Undoubtedly, each of the aforementioned are closely associated with climate change, and in the case of danger, the results may be extreme for humanity (2). Climate changes and the effects of global planetary warming seriously affect multiple ecosystems, causing problems such as food safety issues, ice and iceberg melting, animal extinction, and damage to plants (3, 4).

Air contamination has various wellness consequences. The health of susceptible and sensitive individuals can be impacted even on low air pollution days. Short-term exposure to air pollutants is closely related to COPD (Chronic Obstructive Pulmonary Disease), cough, shortness of breath, wheezing, asthma, respiratory disease, and high rates of hospitalization (a measurement of morbidity).

The long-term consequences related to air flow air pollution are constant bronchial asthma, pulmonary insufficiency, cardiac conditions, and cardio mortality. According to a Swedish cohort study, diabetes seems to be induced after long-term air pollution exposure (5). Moreover, air pollution seems to have various malign health effects in early human life, such as respiratory, cardiovascular, mental, and perinatal disorders (3), leading to infant mortality or chronic disease in adult age (6).

Nationwide studies have talked about the increased likelihood of morbidity and mortality (1). These studies were conducted in many places around the world and show a correlation between daily ranges of particulate matter (PM) concentration and daily mortality. Climate shifts and global planetary warming (3) could aggravate the situation. Besides, increased hospitalization (an index of morbidity) has been registered among the elderly and susceptible individuals for specific reasons. Fine and ultrafine particulate matter seems to be associated with more serious illnesses (6), as it can invade the deepest parts of the airways and more easily reach the bloodstream.

Air pollution mainly affects those living in large urban areas, where road emissions contribute the most to the degradation of air quality. There is also a danger of industrial accidents, where the spread of a toxic fog can be fatal to the populations of the surrounding areas. The dispersion of pollutants is determined by many parameters, most notably atmospheric stability and wind (6).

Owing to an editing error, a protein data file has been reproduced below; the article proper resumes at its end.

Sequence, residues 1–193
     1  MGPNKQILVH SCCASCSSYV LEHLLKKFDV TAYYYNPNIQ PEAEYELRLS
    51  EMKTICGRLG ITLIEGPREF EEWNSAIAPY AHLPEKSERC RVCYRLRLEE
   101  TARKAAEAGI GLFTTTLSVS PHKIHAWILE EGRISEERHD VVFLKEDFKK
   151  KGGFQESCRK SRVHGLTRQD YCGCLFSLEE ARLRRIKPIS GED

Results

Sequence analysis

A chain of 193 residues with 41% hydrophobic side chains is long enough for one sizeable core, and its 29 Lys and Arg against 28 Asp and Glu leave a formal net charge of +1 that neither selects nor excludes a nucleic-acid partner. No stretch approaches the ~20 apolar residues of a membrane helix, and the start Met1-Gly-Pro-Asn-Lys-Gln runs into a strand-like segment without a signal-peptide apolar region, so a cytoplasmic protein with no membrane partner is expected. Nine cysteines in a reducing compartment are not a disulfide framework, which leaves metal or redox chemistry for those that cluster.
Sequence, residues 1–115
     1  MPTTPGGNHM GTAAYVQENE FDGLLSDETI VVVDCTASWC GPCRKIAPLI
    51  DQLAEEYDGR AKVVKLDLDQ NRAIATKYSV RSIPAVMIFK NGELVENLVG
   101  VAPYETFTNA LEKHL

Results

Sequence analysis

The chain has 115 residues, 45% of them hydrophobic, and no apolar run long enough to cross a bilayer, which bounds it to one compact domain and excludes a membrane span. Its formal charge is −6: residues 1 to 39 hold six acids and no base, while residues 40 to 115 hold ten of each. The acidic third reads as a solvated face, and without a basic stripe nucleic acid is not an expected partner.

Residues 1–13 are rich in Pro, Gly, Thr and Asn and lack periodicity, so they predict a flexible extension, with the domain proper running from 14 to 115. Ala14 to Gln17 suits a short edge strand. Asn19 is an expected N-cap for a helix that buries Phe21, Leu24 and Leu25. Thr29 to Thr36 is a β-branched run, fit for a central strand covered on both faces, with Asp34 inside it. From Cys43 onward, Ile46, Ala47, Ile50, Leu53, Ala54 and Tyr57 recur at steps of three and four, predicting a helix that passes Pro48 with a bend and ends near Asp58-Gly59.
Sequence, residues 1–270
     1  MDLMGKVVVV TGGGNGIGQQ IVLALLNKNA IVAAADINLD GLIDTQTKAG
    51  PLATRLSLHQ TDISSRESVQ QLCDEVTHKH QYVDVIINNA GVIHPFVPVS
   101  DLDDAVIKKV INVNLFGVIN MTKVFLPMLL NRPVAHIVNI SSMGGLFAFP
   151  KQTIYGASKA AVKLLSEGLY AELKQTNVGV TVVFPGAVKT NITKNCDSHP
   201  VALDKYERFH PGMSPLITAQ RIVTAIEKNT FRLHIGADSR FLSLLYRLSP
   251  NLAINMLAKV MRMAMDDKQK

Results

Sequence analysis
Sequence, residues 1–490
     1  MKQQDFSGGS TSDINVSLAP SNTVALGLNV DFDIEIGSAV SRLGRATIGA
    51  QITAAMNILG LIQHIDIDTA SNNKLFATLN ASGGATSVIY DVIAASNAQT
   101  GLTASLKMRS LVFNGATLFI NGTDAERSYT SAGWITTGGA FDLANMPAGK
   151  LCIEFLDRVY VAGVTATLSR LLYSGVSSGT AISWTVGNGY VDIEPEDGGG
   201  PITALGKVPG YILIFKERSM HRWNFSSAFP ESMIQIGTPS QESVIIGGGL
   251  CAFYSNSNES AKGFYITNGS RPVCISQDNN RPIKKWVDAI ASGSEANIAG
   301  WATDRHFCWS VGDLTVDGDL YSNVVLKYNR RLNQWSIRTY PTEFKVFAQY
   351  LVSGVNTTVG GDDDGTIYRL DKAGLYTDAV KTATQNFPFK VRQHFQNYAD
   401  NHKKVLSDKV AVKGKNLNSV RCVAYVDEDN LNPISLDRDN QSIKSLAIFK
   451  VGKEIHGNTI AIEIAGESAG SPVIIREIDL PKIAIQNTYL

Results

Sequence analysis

In establishing countries (7), the issue is more severe as a result of overpopulation and uncontrolled urbanization along with the growth of industrialization. This leads to poor air quality, especially in countries with social disparities and a lack of information on sustainable management of the environment. The use of fuels such as wood fuel or solid fuel for domestic needs due to low incomes exposes people to bad-quality, polluted air at home. It is of note that three billion people around the world are using the above sources of energy for their daily heating and cooking needs (8). In developing countries, the women of the household seem to carry the highest risk for disease development due to their longer duration exposure to the indoor air pollution (8, 9). Due to its fast industrial development and overpopulation, China is one of the Asian countries confronting serious air pollution problems (10, 11). The lung cancer mortality observed in China is associated with fine particles (12). As stated already, long-term exposure is associated with deleterious effects on the cardiovascular system (3, 5). However, it is interesting to note that cardiovascular diseases have mostly been observed in developed and high-income countries rather than in the developing low-income countries exposed highly to air pollution (13). Extreme air pollution is recorded in India, where the air quality reaches hazardous levels. New Delhi is one of the more polluted cities in India. Flights in and out of New Delhi International Airport are often canceled due to the reduced visibility associated with air pollution. Pollution is occurring both in urban and rural areas in India due to the fast industrialization, urbanization, and rise in use of motorcycle transportation. Nevertheless, biomass combustion associated with heating and cooking needs and practices is a major source of household air pollution in India and in Nepal (14, 15). There is spatial heterogeneity in India, as areas with diverse climatological conditions and population and education levels generate different indoor air qualities, with higher PM2.5 observed in North Indian states (557–601 μg/m3) compared to the Southern States (183–214 μg/m3) (16, 17). The cold climate of the North Indian areas may be the main reason for this, as longer periods at home and more heating are necessary compared to in the tropical climate of Southern India. Household air pollution in India is associated with major health effects, especially in women and young children, who stay indoors for longer periods. Chronic obstructive respiratory disease (CORD) and lung cancer are mostly observed in women, while acute lower respiratory disease is seen in young children under 5 years of age (18).